Fermi Gamma-ray Space Telescope

Orbit Simulation

In most cases, an existing spacecraft file or a simple rocking strategy (implemented by default in the gtobssim tool) will meet the simulation needs of Guest Investigators. If this is true, you may skip this section and proceed to Observation Simulation.

If an existing spacecraft file will not suffice for the observation that you wish to simulate then you can create your own spacecraft file. The Fermi orbit simulator tool gtorbsim is a spacecraft attitude calculator based on the code already implemented in the general purpose Fermi scheduling and planning system TAKO (Timeline Assembler Keyword Oriented). The gtorbsim simulator inherits many features of TAKO, but it does not have any scheduling capabilities. The main purpose of this simulator is:

  • To calculate spacecraft attitude, that is where the local body frame axes are oriented relative to the sky
  • To determine when events such as entry/exit in South Atlantic Anomaly (SAA) will take place

Observing Modes

gtorbsim allows you to simulate two types of scientific observation modes: survey and pointed.

  • The sky survey mode is basically zenith pointed throughout the orbit and has two sub modes: 1) with rocking, and 2) without rocking. Rocking provides for more uniform sky coverage and allows for complete sky coverage within a shorter period of time. Different rocking profiles may be implemented (square or sinusoid), with a basic 2-orbit period and a 60-degree maximum amplitude (above and below the orbit plane).

    In survey mode you may chose between two options: fixed or profiled.

    • In fixed survey mode the spacecraft does a sky survey with a specified offset with respect to its local zenith for one orbit, and then uses the opposite offset for the next orbit, and so on.
    • In profiled survey the spacecraft observes in survey mode according to a specified profile consisting of 17 increasing times and 17 zenith offsets. The 17 increasing times (in seconds) are used to indicate during each cycle the time that it takes to go from a corresponding zenith offset to the next. The 17 angles (in degrees) are the zenith offsets reached at the end of the corresponding time where the first and last must be identical in order than the profile could be repeated.
  • In pointed observation mode, the Z-axis of the observatory is pointed to a commanded celestial target. An observing sequence is implemented via a series of commanded targets. Each target is maintained in the LAT FoV by commanding the observatory in target inertial mode, which keeps the Z-axis on the target to within the 2 degrees control capability of the spacecraft.

    Pointed observation mode may be interrupted for downlink transmissions of science data. Earth avoidance is accomplished in this mode via stored commands that keep the field of view on the sky while the target is occulted. Alternatively, an automatic earth avoidance capability may be used.

Even though it is possible to do pointed observations, the large FOV of the LAT provides such extensive data on individual sources that it will be difficult to justify other types of observation modes than sky survey. For that reason, it is expected that Fermi will operate in sky-survey mode ~90% of the time.

Spacecraft Position

gtorbsim needs to know the spacecraft position in the entire interval of interest in order to properly calculate the attitude. Therefore it must be capable of either reading in a file that contains the spacecraft ephemeris, or of calculating it on the fly. gtorbsim can handle three different types of ephemeris files:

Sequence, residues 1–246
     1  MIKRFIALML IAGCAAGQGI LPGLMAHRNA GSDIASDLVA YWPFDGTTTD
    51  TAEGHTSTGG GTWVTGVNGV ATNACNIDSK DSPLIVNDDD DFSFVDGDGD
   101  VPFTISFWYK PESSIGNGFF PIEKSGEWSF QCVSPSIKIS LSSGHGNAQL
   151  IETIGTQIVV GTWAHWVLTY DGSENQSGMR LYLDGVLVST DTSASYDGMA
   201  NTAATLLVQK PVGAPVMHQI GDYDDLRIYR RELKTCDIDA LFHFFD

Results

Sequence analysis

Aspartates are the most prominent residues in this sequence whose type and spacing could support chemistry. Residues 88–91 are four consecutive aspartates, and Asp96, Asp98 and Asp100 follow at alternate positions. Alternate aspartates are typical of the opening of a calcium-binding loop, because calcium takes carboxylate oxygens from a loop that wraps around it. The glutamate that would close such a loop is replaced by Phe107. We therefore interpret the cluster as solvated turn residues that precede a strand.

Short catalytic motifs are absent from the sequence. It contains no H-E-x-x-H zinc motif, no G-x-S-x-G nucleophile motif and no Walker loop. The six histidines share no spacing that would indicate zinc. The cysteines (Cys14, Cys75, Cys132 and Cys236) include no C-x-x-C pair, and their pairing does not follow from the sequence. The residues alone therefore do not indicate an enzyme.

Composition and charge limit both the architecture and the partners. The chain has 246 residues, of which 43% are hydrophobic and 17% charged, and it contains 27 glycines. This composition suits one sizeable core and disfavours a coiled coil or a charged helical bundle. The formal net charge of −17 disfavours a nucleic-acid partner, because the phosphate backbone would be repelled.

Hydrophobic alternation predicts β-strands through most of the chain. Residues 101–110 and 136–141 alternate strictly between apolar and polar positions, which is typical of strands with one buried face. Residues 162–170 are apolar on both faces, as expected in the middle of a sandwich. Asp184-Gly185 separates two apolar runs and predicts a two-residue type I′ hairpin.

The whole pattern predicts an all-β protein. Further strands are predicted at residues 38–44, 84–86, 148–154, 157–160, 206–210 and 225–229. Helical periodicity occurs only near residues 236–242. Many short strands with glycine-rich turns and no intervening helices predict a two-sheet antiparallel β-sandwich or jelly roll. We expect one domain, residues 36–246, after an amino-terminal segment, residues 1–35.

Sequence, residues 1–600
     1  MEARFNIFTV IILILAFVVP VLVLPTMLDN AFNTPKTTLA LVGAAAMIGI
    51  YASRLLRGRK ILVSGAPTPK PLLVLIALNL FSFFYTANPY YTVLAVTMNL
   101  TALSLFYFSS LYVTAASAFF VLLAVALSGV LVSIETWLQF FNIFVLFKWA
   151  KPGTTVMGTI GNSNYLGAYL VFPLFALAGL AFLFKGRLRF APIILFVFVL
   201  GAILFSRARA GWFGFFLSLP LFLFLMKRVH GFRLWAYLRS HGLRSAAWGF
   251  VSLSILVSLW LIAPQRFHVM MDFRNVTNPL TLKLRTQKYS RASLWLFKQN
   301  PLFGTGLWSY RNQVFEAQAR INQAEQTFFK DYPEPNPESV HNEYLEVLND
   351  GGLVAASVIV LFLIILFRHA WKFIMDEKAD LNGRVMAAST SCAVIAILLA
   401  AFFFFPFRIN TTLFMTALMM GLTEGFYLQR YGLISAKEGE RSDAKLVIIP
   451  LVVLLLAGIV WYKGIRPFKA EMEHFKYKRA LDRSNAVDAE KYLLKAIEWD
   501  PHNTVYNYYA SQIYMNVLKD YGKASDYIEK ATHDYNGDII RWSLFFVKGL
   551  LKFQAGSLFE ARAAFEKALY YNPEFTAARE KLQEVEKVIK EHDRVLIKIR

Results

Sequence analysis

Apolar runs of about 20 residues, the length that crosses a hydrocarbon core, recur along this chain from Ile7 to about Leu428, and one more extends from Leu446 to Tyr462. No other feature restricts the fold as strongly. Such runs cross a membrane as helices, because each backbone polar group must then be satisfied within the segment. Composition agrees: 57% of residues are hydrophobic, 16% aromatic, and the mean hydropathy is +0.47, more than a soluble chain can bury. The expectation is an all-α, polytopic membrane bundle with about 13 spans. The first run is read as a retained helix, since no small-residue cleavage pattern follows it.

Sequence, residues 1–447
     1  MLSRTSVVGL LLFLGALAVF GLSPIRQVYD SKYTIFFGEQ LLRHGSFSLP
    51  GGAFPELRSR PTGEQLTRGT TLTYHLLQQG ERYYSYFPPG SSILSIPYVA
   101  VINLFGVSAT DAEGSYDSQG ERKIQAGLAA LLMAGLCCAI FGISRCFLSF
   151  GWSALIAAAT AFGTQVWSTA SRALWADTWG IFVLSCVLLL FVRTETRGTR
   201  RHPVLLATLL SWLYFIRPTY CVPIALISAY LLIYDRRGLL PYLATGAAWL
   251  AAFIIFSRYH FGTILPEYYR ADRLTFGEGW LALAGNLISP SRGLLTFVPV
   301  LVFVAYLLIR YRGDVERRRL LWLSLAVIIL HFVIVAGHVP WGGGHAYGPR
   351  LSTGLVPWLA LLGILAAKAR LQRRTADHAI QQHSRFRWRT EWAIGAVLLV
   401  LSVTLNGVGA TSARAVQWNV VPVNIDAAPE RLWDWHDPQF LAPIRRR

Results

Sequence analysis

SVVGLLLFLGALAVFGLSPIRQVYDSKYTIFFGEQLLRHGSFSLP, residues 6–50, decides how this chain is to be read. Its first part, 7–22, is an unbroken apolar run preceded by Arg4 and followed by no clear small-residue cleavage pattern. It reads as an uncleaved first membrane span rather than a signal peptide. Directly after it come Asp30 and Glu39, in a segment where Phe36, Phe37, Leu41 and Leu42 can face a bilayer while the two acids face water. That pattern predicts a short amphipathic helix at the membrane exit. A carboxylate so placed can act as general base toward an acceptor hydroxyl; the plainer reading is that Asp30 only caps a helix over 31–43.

• NASA Flight Dynamic Facility (FDF) format, already used for missions such as RXTE.
  • Satellite Tool Kit (STK) format, already in use for SWIFT.
  • NORAD Two Line Elements (see http://celestrak.com/NORAD/elements), in which case the spacecraft position is calculated by gtorbsim on the fly. This will be the easiest ephemeris to obtain, and is sufficient for simulations of 30 days or less.

Additionally, the initial spacecraft position should be provided as parameter of the tool in celestial coordinates.

South Atlantic Anomaly Passages

The instrument high voltage power supplies will be protected when the spacecraft traverses the South Atlantic Anomaly (SAA); Fermi will be in the SAA ~15% of the time. gtorbsim has the capability to handle SAA constraints. The SAA region is approximated by a polygon specified by the longitude and latitude of its vertices, which are passed to the program through an input file. The last latitude/longitude pair must be the same as the first. In addition to an ephemeris point being in the SAA polynomial, the ephemeris point prior will also be included as in the SAA region, since somewhere between the two points is when the actual SAA is encountered.

Earth Limb Avoidance

The Earth Limb Tracing maneuvering is an optional feature that can easily be enabled/disabled using the appropriate input parameter in gtorbsim. This maneuvering consists of tracing the Earth Limb if a target is Earth-occulted. Targets are assumed to be occulted if their Earth angle (Angle between target and the Earth Limb) is smaller or at most equal to 30 degrees. Once the target is occulted by the Earth, the orbit simulator finds when is visible again, and where from the Earth Limb is coming out. From the above it finds the angular separation between the in-occult and out-occult position. Finally, the orbit simulator let the local z-axis to sweep equal angles in equal times during its motion along the Earth Limb.

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